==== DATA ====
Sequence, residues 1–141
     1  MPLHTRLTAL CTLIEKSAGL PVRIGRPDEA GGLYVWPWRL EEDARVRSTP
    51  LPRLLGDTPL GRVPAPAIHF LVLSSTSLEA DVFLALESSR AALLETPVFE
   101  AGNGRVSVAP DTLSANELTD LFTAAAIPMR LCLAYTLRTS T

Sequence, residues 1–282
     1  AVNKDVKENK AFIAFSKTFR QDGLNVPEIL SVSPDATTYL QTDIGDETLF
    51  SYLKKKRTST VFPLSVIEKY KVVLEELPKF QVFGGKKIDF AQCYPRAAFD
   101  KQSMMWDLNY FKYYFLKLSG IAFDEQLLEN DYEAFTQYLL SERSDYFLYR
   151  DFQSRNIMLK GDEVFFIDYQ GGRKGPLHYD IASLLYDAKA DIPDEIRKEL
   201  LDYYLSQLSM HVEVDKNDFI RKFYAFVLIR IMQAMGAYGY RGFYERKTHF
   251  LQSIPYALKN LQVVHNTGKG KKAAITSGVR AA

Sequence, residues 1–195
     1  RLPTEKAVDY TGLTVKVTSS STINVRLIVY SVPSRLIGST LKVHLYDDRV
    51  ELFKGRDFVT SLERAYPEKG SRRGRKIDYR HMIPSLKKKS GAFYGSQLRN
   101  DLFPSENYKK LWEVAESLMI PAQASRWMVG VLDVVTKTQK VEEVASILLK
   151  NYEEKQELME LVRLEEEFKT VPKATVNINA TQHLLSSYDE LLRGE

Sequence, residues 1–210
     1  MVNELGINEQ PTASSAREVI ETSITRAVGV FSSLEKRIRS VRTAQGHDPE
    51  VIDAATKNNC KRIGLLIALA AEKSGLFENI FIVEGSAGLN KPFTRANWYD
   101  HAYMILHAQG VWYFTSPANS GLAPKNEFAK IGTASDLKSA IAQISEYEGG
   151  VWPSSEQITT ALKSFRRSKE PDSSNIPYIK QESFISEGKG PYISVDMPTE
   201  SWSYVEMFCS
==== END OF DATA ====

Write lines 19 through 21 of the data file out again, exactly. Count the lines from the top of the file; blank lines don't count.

    51  VIDAATKNNC KRIGLLIALA AEKSGLFENI FIVEGSAGLN KPFTRANWYD
   101  HAYMILHAQG VWYFTSPANS GLAPKNEFAK IGTASDLKSA IAQISEYEGG
   151  VWPSSEQITT ALKSFRRSKE PDSSNIPYIK QESFISEGKG PYISVDMPTE